From the illegible scratchings of my notebook to your computer, tablet or smartphone screen, post fight notes is an in depth analysis of some of the finest technical action from a weekend of combat sports action. The piece will take a look at 3 select fights from the card picked for reason other than my own personal preference, if you saw anything you thought should have be included or have a suggestion for the next piece, feel free to leave a comment or get at me on Twitter – @Hugh_OD
UFC 191 is in the books and saw little in the way of surprises, in a card that consisted largely of heavy favourites a number of underdogs managed to rise to the occasion including Ross Pearson, who looked to be in career-best form, and Corey Anderson, who I praise for coming out on top purely because it limits the number of times I have to try and spell Blachowicz in this weeks features. Without further ado lets get stuck in to this weeks post fight notes, kicking things off is a look at the events “Fight of the night” winner.
Some method or all madness? – Francisco Rivera vs John Lineker
In terms of bouts I was most looking forward to seeing on this card, Rivera vs Lineker might as well have been the main event for me. A number of intriguing story lines were present running into the fight, most notably the fact that it was Lineker’s debut at Bantamweight after a series of mishaps on the scales at 125 pounds. Rivera came into the bout a severely underrated fighter in the division, due in large part to the fact that he may very well have a win over perennial contender Urijah Faber if not for an eye poke that went unseen by the referee.
The bout was set to be nothing short of a barn burner from the get go and the men went to work right away, the fight was a back and forth rock-em sock-em robots battle for two minutes and eight seconds until Lineker snatched up a guillotine choke and forced the tap.
The bout was a showcase of my love hate relationship with MMA striking, on one hand, I see two men overly eager to engage in a type of bout that places neither at a distinct tactical advantage, but rather looking to plat their feet and play a 50/50 game of who falls first. And on the other, I can’t pretend it wasn’t entertaining. Matches like this arise from both participants believing they are at a power advantage, and so when one man indicates he wishes to engage in a firefight, the other willingly obliges thinking his opponent has made a mistake, if I had to take a guess I would say Rivera felt his size advantage, which was blatantly apparent looking at the two measuring each other up, would play a factor. Evidently he was wrong and paid the price.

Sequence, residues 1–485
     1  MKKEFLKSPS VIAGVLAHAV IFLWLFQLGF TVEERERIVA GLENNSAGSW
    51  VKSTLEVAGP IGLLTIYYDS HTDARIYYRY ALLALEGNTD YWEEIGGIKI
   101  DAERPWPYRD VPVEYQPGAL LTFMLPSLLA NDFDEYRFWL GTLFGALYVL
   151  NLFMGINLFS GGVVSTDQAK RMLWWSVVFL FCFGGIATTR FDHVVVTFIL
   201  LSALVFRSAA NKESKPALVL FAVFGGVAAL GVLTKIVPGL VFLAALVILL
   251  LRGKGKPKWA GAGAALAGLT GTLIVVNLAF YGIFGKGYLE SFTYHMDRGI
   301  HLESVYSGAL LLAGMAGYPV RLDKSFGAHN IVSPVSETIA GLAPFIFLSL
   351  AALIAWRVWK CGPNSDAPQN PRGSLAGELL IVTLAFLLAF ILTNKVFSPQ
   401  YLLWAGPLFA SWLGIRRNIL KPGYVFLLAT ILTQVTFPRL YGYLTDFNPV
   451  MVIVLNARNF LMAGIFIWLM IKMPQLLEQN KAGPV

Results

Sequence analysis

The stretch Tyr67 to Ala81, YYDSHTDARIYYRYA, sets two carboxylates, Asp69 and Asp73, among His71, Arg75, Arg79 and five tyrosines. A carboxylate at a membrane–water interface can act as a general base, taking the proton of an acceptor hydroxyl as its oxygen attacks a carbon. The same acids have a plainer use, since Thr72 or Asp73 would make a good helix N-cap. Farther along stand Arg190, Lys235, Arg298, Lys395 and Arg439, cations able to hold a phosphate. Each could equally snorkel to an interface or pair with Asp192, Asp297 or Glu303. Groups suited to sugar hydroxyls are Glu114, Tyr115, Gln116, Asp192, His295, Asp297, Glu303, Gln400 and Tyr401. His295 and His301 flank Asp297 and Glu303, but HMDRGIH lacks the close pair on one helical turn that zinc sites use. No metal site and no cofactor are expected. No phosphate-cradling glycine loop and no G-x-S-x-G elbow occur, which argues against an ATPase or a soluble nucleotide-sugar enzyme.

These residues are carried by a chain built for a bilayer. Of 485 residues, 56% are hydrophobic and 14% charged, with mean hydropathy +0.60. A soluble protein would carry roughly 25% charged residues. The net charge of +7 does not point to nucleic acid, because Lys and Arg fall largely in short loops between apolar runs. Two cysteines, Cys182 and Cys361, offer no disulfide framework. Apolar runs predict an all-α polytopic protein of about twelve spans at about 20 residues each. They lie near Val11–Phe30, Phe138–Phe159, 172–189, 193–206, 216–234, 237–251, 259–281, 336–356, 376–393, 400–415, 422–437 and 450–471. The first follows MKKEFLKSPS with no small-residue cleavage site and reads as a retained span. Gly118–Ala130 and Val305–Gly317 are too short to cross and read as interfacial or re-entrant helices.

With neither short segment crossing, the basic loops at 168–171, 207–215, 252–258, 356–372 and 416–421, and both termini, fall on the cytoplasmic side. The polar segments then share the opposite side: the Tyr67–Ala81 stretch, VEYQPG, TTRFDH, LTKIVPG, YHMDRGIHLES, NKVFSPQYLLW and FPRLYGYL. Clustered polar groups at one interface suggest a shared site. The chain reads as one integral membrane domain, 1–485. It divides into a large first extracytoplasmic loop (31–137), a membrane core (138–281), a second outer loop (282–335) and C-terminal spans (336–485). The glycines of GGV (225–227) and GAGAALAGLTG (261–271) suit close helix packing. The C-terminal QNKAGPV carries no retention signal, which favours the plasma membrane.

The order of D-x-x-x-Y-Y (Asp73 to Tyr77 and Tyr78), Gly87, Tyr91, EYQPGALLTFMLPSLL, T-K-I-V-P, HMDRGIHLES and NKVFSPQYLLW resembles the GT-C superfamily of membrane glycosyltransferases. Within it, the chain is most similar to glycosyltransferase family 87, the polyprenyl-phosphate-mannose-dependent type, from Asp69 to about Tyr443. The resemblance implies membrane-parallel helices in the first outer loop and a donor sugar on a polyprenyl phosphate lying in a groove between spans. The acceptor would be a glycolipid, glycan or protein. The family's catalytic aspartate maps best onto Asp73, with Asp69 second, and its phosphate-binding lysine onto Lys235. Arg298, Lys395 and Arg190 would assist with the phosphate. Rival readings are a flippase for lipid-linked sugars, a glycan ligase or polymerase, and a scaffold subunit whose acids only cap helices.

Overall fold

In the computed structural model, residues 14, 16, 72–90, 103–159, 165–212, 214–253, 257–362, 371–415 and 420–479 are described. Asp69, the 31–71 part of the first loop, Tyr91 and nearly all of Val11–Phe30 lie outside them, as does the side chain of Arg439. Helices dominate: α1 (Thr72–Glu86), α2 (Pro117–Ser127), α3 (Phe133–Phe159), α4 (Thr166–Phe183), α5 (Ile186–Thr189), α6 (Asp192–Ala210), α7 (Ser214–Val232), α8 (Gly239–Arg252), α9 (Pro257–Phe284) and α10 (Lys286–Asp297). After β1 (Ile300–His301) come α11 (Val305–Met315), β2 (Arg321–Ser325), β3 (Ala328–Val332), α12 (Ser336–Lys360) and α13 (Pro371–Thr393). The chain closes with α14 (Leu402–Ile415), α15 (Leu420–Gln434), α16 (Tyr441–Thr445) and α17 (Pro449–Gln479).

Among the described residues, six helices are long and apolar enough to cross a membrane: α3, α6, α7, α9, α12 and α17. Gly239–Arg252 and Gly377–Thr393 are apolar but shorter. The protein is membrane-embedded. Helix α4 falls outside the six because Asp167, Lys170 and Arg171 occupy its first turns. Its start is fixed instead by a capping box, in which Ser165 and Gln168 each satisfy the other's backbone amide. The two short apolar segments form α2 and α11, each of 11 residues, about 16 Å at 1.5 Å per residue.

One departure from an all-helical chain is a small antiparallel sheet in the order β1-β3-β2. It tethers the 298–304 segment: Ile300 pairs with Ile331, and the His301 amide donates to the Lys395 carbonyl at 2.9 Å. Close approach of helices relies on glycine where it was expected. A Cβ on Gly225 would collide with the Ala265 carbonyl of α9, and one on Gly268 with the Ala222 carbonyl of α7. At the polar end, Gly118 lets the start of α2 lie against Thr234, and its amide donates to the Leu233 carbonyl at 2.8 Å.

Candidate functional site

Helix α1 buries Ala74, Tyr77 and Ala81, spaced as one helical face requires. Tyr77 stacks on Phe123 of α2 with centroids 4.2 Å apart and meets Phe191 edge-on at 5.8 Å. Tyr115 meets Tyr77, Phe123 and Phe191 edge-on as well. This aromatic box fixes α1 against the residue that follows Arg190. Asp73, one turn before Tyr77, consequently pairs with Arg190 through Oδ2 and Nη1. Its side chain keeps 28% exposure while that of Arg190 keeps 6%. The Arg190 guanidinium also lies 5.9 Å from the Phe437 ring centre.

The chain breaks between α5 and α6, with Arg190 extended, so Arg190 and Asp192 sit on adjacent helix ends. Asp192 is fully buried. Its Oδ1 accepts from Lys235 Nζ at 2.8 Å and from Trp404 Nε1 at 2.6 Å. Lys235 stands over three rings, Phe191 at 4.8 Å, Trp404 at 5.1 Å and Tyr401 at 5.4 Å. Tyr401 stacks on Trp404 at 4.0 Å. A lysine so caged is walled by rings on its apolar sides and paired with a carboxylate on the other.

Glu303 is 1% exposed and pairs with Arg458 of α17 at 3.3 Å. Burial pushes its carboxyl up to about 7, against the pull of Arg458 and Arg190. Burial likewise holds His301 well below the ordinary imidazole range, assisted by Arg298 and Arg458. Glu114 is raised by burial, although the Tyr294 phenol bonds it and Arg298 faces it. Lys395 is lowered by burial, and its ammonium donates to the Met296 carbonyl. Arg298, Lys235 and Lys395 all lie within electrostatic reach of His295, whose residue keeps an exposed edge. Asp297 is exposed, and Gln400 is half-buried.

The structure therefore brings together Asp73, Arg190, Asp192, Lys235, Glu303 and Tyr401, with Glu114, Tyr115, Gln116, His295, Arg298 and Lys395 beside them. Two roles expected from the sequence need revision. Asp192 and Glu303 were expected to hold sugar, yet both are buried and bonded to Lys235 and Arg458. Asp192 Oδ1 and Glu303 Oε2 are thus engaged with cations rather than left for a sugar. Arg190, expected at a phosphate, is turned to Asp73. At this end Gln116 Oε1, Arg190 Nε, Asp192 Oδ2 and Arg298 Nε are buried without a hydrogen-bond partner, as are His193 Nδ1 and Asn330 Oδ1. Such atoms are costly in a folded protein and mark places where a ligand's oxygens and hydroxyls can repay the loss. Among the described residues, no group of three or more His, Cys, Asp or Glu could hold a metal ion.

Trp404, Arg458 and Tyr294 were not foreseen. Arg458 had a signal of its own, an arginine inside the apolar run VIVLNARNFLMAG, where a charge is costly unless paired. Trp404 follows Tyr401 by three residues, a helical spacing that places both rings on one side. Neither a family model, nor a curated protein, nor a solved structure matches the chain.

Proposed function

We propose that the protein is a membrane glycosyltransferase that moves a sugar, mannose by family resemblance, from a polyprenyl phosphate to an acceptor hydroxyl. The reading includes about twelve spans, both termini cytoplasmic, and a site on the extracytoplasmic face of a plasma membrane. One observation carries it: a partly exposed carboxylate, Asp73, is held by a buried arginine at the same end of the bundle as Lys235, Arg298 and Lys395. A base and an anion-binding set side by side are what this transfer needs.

The most impressive thing for me in this fight was how Lineker actually used the fact that he was the shorter man to his disadvantage, he closed distance in the cage by leading with a jab-overhand right and jab-right hook to the body, after which he would duck his head down and away from his opponents power in order to move inside any looping punches, rendering them useless. When the time came for Lineker to push forward he switched up the rhythm he had lulled rivera into and went to reverse, leading with the right body shot and following with the left hook, after doing damage with the left hook his duck and move technique played dividends as if you watch Rivera’s attempts to fire back he continuously found himself clipped with shorter, sharper punches from the inside. Brilliant stuff.
Lineker proved his worth as a bantamweight overcoming a stiff test, and I look forward to seeing what he can do without the strain of weight cutting he has previously dealt with.
A battle of duelling footwork philosophies – Pearson vs Felder
Moving on, we come to probably my favourite fight of the card, English veteran Ross Pearson faced a do or die match up against highly touted up-and-comer Paul Felder, who was riding a wave off confidence after holding his own in a narrow losing effort against Edson Barbosa in his last outing. Many, myself included saw this bout as a final nail in the coffin for Ross Pearson in terms of gaining steam in the stacked lightweight division, and thought Felder would add another name to his resume and get another shot at a top-10 challenge. Pearson, however, didn’t get the memo and looked to be in some of the best form of his career, frustrating and out doing the flashy Felder in all areas of the fight.
It is easy after watching the highlight real of Paul Felder to make the claim that he is a “dynamic” fighter. His arsenal favours spinning attacks and has seen him produce some memorable knockouts, however looking closer at some of his handwork it is clear to say that while he can throw with conviction and commit well to high risk, high reward techniques, as Felder sets up his shots his footwork is largely stagnant, and consists of mostly straight line movement. When dealing with a less savvy striker who will meet him in the middle, this can actually favour Felder’s style as opponents who wish to stand and brace for strikes leave themselves open to falling for a well timed feint finding themselves on the wrong end of a lethal spinning blow. Felder tends to gain steam as a fight rolls on, and the more he lands the more creative he gets, which is where a problem can arise – what do you do if your opponent is simply never there to meet your strikes?